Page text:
The Gospels and Acts (Holman Apologetics Commentary Of The Bible Series)
The most comprehensive volume ever produced in defense of the Gospels and Acts The four Gospels and the book of Acts tell stories of Jesus' life and the birth of Christianity. Are these stories true history or just...
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The most comprehensive volume ever produced in defense of the Gospels and Acts
The four Gospels and the book of Acts tell stories of Jesus' life and the birth of Christianity. Are these stories true history or just religious fiction? Christians accept the stories as true and say that the entire Bible is a reliable communication inspired by God. Against this, non-Christians have argued that the Bible is a book of legends, myths, and historical inaccuracies-just another example of human religious endeavor. In this volume, four world-class New Testament scholars address challenges to the reliability of the Gospels and Acts. In order to identify the most important challenges, the authors drew from the literature of skeptics and New Testament critics, plus they included questions that many Christians ask as well. The result is the most comprehensive defense of the Gospels and Acts that has ever been published.
The primary purpose of the Holman Apologetics Commentary on the Bible is to equip readers to defend the reliability of Scripture and the historic evangelical understanding of its teachings. It is designed for use by general readers, though scholars will find it a probing and welcome resource as well. A secondary purpose is to encourage awareness and discussion of Bible difficulties that are not commonly mentioned from the pulpit or even the seminary lectern.
This is not a verse-by-verse commentary. The authors were provided an index that identified verses known to be relevant to the topics of apologetics and biblical reliability. They restricted their comments to these verses, plus any others that they recognized as germane to the aims of this project. Typically, each commentary note begins by stating the challenge or challenges regarding the text at hand. We attempt to state the case in all its potency, as a critic would state it. This approach takes seriously the critical viewpoint and helps ensure that the reader feels the full weight of the challenge. The contributors take each challenge seriously and seek to describe viable solutions that support faith and align with a high view of Scripture.
Darrell L.Bock (Ph.D., University of Aberdeen) is Research Professor of New Testament Studies, Professor of Spiritual Development and Culture (CCL) at Dallas Theological Seminary. Dr. Bock has earned international recognition as a Humboldt Scholar (Tubingen University in Germany).He is the author or editor of many books, including the two-volume commentary on Luke and the volume on Acts (Baker Exegetical Commentary on the New Testament series), Jesus according to Scripture, The Missing Gospels, Jesus in Context, and Studying the Historical Jesus.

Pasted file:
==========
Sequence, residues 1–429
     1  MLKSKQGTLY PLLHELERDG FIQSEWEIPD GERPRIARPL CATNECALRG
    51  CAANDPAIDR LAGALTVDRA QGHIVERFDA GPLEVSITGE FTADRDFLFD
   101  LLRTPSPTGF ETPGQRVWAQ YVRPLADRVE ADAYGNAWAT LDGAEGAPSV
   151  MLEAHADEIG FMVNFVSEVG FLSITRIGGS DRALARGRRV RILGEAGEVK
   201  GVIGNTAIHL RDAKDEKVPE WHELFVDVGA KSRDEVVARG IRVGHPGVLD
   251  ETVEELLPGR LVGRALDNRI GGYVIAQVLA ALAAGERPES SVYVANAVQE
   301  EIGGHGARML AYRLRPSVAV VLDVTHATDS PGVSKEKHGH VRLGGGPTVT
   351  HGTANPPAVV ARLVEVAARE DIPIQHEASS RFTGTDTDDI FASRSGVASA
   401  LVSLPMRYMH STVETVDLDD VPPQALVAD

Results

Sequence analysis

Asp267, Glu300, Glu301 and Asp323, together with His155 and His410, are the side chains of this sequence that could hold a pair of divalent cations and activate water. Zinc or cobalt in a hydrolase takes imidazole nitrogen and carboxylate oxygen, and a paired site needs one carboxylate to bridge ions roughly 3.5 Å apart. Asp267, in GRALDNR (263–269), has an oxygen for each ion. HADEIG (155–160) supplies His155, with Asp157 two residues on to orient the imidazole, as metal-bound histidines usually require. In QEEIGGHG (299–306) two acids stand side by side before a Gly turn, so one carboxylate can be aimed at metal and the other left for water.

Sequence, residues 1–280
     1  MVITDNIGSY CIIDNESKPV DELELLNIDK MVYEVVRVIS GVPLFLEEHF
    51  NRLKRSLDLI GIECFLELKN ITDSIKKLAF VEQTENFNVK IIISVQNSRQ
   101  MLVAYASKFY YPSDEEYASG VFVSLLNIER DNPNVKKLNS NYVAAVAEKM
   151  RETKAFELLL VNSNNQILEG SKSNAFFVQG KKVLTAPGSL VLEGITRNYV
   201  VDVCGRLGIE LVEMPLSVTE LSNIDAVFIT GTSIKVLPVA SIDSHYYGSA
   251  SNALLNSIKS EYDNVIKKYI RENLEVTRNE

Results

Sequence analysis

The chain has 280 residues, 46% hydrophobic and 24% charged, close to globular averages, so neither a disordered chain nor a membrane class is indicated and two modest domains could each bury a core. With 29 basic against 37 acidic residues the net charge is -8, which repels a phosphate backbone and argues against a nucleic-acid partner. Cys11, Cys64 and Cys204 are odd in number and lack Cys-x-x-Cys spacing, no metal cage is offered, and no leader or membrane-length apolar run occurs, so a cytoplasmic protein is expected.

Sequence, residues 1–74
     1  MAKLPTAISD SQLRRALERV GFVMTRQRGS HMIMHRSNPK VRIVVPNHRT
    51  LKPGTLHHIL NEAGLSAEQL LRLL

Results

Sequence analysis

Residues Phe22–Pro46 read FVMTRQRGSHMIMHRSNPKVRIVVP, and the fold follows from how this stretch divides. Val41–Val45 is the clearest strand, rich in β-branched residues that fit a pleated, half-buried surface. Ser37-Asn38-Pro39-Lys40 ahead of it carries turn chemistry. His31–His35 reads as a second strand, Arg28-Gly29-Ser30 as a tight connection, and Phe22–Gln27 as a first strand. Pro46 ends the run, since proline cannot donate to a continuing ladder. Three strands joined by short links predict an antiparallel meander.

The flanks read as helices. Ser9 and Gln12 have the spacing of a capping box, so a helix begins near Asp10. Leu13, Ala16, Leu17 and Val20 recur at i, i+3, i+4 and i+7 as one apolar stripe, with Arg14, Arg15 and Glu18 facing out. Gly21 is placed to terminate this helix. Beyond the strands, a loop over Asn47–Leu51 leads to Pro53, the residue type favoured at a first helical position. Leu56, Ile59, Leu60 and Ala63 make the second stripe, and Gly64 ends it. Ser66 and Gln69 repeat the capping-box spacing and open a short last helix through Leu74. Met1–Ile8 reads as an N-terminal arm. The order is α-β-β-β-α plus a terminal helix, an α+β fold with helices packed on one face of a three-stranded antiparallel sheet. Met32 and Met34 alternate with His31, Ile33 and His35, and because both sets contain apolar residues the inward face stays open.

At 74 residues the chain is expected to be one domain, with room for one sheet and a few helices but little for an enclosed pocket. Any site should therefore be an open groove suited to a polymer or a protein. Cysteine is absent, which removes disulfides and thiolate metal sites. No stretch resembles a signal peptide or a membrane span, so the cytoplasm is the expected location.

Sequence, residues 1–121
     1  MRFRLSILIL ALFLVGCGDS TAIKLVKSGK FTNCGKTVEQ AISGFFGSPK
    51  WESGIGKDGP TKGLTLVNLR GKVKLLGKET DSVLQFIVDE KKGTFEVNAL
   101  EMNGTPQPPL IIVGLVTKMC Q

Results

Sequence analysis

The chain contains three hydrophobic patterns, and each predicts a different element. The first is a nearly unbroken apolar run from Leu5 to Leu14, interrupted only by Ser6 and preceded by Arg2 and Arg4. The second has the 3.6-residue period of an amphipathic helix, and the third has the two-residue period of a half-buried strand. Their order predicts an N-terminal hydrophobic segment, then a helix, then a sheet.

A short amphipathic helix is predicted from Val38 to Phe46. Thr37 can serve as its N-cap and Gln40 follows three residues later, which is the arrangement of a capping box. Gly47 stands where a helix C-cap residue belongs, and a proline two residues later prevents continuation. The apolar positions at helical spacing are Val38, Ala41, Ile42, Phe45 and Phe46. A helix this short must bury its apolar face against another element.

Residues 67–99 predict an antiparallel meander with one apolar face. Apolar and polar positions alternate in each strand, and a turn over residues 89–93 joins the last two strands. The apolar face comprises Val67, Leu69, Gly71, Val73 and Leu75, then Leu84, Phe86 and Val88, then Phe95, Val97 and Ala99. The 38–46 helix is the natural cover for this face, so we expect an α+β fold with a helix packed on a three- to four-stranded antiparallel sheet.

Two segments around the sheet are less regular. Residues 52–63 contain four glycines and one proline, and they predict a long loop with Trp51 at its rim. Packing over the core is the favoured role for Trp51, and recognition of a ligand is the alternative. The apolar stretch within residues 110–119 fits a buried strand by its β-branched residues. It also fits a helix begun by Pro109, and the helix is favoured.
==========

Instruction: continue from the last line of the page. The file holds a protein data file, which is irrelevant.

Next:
Andreas J. Kostenberger (Drs., Vienna University of Economics, Ph.D., Trinity Evangelical Divinity School) is Professor of New Testament/Director of Ph.D. Studies at South East Baptist Theological Seminary, Wake Forest. He is also the editor of the Journal of the Evangelical Theological Society, and the author of numerous books including The Gospel of John (Baker Exegetical Commentary of the New Testament) Encountering the Gospel of John, The Book Study Concordance of the Greek New Testament, and The Missions of Jesus and the Disciples according to the Fourth Gospel.
He also translated Adolf Schlatter's two-volume New Testament Theology. His current publications include The Pastoral Epistles (Revised Expositor's Bible Commentary); A Theology of John's Gospel and Letters: The Word, the Christ, the Son of Godand The Cradle, The Cross and The Crown.
Craig A. Evans (Ph.D., Claremont) is Payzant Distinguished Professor of New Testament and director of the graduate program at Acadia Divinity College in Wolfville, Nova Scotia. He has written extensively on the historical Jesus and the Jewish background of the New Testament era. His books include Jesus and His Contemporaries: Comparative Studies, Luke (New International Bible Commentary), Mark (Word Biblical Commentary), Jesus and the Ossuaries, Fabricating Jesus and Ancient Texts for New Testament Studies. His edited volumes include (with Bruce Chilton) Studying the Historical Jesus: Evaluations of the State of Current Research, Dictionary of New Testament Background, From Prophecy To Testament and (with John Collins) Christian Beginnings and the Dead Sea Scrolls.
He has recently served on the advisory board on The Gospel of Judas for National Geographic Society and has appeared frequently as an expert commentator on network television programs, such as Dateline, and in various documentaries on the BBC, the Discovery Channel and the History Channel. He most recent work is Matthew (New Cambridge Bible Commentary.)
Michael J. Wilkins (PhD, Fuller Theological Seminary) is dean of the faculty and professor of New Testament language and literature at Talbot School of Theology, Biola University, and the author of several books.